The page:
This suggests that rather than being entirely screen-centric, we can add value to people’s lives by enabling technology to augment our physical experiences. But to do so successfully, we need to think differently. We need to identify real opportunities to improve the minutiae of our physical lives – and that means considering context and experience. It means undertaking physical, real-world research and creating usage scenarios. And only then, when we know we’re looking in the right place, can we start to look at the technology itself: Location, iBeacons, Projection, Audio Watermarking, IoT – all can help us connect the digital and the physical, but only if we have found the right problem to solve. Let’s not develop an all-singing, all-dancing, big data-driven AI bot if all we need to do is put up a sign.
Join the resistance.
In an agency context, this will mean being prepared to challenge briefs that stipulate a particular technology at the outset. On receipt of briefs like this, we need to step all the way back to the high-level objective (e.g. increase awareness of product X) and then look at what consumer or business problem we can solve to achieve it. Only then can we examine the technologies available, with an aim to enhancing or improving a real-life experience.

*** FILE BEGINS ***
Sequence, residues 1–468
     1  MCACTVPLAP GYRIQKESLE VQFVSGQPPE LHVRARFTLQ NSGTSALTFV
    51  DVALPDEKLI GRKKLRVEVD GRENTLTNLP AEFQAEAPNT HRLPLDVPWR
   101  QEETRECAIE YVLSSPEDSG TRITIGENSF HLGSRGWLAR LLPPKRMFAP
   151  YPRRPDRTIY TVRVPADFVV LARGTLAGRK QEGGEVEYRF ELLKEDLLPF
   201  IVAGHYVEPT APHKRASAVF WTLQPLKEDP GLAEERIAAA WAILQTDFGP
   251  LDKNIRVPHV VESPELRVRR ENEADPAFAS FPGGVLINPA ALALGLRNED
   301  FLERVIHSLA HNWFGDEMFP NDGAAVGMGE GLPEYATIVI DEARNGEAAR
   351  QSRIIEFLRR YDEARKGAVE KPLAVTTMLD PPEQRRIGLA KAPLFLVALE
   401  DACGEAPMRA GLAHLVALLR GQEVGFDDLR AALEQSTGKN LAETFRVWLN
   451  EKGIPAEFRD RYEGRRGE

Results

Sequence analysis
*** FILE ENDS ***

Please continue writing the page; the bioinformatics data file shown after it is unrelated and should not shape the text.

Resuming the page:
Crucially, we need to remain disciplined throughout. Which means not rushing to the newest technologies available to us, or the ones we think will win us awards. And we need to keep things simple. Which means resisting the temptation to add features, extra tabs, content and more calls to action. In fact, it means resisting everything – unless it will help improve the life of the end user – because that’s how you create a great app. Instead of rushing to be early adopters, we should all be early resistors. Let’s define the future not by FOMO, but by JOMO – the joy of missing out.